17 Mins.; Full Stage. This manikin act, often confused with another act, and reviewed erroneously as such, is brand new in every particular, from the stage settings to the routine, and from subject matter to manipulation. The miniature theatre whereon the puppets dance, prance and cavort is handsomely set with a glittering background and has rich plush curtains and proscenium decorations. The act opens with persons entering the stage boxes to witness the performance of the manikins. When the curtain goes up a boy announcer comes on, and after displaying a card, runs off kicking the card, a good laugh. Then follows a neat little travesty on the modern society dance, admirably executed. “Mutt and Jeff,” next, alternate as tall and short men with ludicrous effect. Texas Nell, who performs after the circus manner on a horse, and puts him through his paces with all the aplomb of the real thing, is another novel feature. The act closes with the “Baseball Rag,” in which players representing famous teams come out for some very funny antics on the diamond. In this last bit the manikins are made to sing and talk, and this adds to the effectiveness. It is one of the neatest acts of its kind on the boards and is manipulated in a manner to please the most exacting. Closing the show at the Empress, it held the audience to the close, and was especially pleasing to the children.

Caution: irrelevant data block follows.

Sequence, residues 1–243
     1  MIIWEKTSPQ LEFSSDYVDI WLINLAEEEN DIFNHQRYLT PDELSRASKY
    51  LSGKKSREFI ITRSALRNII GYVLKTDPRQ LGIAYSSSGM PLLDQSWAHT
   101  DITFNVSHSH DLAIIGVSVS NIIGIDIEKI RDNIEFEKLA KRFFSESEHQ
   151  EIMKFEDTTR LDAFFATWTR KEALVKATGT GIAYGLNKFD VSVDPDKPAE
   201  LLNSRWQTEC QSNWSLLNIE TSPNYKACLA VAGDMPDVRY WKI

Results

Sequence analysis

Variety, Volume XXXVI, no.8, October 24, 1914